We’ve all heard the expression “if the walls had ears” and know that the walls could spread a lot of gossip if they had mouths to repeat everything they heard. Most of the time we don’t have to worry about the walls talking. But in Cyprus, the walls have plenty to say… and it’s being documented.
The Cyprus 2015 Project is spearheading a graffiti documentation project, tracking the positive and negative graffiti through out the island. Reports can be submitted via email or using a smartphone. Basically, a “What the Walls are Saying” participant takes a picture of the graffiti, poster, or inscription, identifies it as positive or negative and uploads it to a crowd-sourced map. The idea is that this data can be used as an indicator of how reconciliation efforts are going on the island.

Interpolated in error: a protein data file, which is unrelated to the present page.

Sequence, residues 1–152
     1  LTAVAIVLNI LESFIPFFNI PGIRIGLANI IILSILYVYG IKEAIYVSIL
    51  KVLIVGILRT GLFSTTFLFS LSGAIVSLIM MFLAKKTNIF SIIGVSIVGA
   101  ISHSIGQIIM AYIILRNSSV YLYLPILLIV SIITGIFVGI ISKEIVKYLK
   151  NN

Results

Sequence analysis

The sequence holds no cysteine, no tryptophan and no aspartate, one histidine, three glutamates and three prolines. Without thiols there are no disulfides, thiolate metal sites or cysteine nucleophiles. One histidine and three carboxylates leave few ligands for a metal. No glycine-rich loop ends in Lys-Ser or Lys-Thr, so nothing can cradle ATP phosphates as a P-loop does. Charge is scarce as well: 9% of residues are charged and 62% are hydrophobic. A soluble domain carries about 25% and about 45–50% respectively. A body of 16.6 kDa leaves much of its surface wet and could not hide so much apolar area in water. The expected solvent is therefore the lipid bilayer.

This is relevant in Cyprus which has been a divided island for over three decades. The north is controlled by Turkey and is Turkish-speaking while the south is internationally recognized as independent and is Greek-speaking. There have been ongoing efforts to unify the island with varying degrees of success.
The “What the Walls are Saying” documentation project is powered by Ushahidi’s CrowdMap technology originally conceived to crowd-source crisis information, but now adaptable for business purposes like identifying local resources and ecological ends like protecting elephants.
Where else could this technology be used to build peace in a participatory way?